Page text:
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Bismarck’s Speech in the North German Reichstag in Defense of his Draft Constitution (March 11, 1867)

Here, Bismarck defends his draft constitution for the North German Confederation. There were two main issues, however, that exercised his liberal critics in the Reichstag. First, they wanted the Reich secretaries of state to be fully answerable to parliament. Second, they wanted full parliamentary control of the military budget, which had been a contentious issue in Prussia from 1862 to 1866. But the liberals had to accept the so-called Iron Law, which, up until 1871, set Germany’s military budget and the peacetime strength of its army at a fixed ratio to the population. In this speech, Bismarck also touches upon many issues of immediate interest to Germany’s other federal states, including the fate of both their own parliaments [Landtage] and the German Customs Union [Zollverein].

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It could not have been our objective to produce a theoretically ideal federal constitution in which both the unity of Germany would be guaranteed for all time and freedom of movement for every particularistic stirring would be secured. Such a philosopher's stone, if it is to be found at all, must be left to the future to discover. The task of the present moment is not to come a few decimal places closer to such a squaring of the circle. Rather, recalling and, in my opinion, correctly estimating the forces of resistance upon which the earlier attempts at unification made in Frankfurt and Erfurt foundered, we have made it our business to defy those forces of resistance as little as was at all compatible with our goal. We have held it our task to discover the minimum of those concessions to the whole that the particular political entities existing within German territory must make if the whole is to be capable of surviving. Whether we want to attach the name of a constitution to the product that has thereby come into being is irrelevant. However we believe that if that product is accepted here, the road will have been cleared for the German people, and we further believe that we can have confidence in the genius of our people that it will be able to find its way along this road, which leads to its goals.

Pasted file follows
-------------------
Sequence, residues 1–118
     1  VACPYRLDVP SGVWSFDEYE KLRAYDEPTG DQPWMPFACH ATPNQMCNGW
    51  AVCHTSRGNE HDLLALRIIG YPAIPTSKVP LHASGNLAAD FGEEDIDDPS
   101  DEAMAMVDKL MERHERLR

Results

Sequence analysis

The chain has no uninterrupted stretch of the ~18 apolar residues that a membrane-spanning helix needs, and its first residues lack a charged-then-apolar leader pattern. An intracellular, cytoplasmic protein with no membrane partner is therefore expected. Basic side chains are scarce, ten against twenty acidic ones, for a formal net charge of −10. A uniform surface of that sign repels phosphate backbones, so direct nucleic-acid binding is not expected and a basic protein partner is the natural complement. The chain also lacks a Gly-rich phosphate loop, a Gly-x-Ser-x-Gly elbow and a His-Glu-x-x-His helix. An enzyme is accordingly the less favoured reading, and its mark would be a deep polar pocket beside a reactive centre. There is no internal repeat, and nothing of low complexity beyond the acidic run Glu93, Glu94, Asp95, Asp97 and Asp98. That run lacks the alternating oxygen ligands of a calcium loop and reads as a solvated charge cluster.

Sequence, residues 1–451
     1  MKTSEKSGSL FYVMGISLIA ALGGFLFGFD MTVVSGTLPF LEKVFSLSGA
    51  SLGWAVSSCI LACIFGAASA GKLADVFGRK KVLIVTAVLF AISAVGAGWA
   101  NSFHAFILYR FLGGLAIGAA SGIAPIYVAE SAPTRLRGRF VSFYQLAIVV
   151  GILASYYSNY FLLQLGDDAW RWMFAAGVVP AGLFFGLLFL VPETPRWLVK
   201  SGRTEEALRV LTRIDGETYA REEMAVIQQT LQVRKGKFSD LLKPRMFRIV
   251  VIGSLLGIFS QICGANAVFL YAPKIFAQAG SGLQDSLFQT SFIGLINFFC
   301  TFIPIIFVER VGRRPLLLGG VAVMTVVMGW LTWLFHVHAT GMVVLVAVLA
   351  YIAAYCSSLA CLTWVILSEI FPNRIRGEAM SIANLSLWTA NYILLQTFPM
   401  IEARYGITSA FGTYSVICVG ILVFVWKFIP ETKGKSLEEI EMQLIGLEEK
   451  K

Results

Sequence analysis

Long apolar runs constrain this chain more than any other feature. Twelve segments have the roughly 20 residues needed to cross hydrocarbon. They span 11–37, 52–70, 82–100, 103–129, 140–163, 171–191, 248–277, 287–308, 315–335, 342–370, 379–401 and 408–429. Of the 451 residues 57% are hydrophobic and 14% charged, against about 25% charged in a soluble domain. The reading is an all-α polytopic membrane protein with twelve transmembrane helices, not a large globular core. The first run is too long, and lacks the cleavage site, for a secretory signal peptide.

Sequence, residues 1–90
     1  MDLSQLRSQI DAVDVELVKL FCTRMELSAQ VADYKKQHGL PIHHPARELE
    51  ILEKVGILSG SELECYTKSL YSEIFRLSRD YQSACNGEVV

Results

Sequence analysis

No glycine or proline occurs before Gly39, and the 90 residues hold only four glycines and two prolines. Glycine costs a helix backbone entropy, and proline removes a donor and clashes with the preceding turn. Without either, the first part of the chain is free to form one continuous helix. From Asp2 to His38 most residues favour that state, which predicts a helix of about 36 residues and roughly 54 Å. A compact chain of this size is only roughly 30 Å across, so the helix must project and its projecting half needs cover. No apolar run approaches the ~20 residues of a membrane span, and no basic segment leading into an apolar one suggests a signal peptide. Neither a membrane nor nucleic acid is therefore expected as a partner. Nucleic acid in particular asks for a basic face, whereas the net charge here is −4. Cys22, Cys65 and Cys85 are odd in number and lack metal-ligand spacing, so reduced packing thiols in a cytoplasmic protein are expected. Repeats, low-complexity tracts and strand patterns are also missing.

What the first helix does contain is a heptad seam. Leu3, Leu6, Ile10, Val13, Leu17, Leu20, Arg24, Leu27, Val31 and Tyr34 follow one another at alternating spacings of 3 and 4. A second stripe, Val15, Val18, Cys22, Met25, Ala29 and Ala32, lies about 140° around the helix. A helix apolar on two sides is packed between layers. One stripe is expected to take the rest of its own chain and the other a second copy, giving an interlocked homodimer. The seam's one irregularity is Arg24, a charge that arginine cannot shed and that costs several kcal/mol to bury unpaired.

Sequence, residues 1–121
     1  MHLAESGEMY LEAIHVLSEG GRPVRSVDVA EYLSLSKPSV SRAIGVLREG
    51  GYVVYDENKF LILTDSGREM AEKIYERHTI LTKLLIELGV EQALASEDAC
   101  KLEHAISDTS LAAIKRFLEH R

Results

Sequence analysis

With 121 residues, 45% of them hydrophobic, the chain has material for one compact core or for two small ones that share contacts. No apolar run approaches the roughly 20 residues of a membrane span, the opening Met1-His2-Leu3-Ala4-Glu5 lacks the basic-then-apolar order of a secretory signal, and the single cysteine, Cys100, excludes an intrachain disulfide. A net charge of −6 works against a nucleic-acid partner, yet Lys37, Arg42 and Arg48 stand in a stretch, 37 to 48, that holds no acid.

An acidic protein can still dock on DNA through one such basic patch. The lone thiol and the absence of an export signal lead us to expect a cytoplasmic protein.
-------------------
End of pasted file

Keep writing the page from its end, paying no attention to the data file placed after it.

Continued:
Although the document under consideration here is sufficient for this purpose, at least in our view, I nonetheless fully understand that many wishes remain unsatisfied, that a great many things besides these were wished for, and that in like manner a great many others could have been wished for. But what I do not understand is how one could want to refuse what is being offered because these wishes have up to now remained unfulfilled, and at the same time assert that all one really wants is a constitution that could lead Germany to unity. To date objections have been raised and wishes have been expressed by individuals standing on two different sides. I would like to term them the unitary and the particularistic sides. From the unitary side one hears that they expected the creation of a constitutionally responsible ministry from this draft constitution in the same way as from the earlier one. But who should appoint this ministry? This task is not to be expected of a consortium of twenty-two governments; it would not be able to fulfill it. However, it is equally unacceptable to exclude twenty-one of twenty-two governments from a share in the establishment of the executive. The demand could only have been satisfied if a unified head with monarchical character had been created. But then, gentlemen, you would no longer have a federal relationship; then you would have the mediatization of those to whom this monarchical power was not given. This mediatization was neither consented to by our confederates nor sought by us. Some here have intimated that it could be exacted by force, while others have suggested that it will in part come about by itself, the latter position being found in political quarters located close to me. We do not expect this to such a degree, and we do not believe that German princes will be ready in large numbers to exchange their present positions for that of an English peer. We have never made this unreasonable demand of them, and we do not intend to do so.

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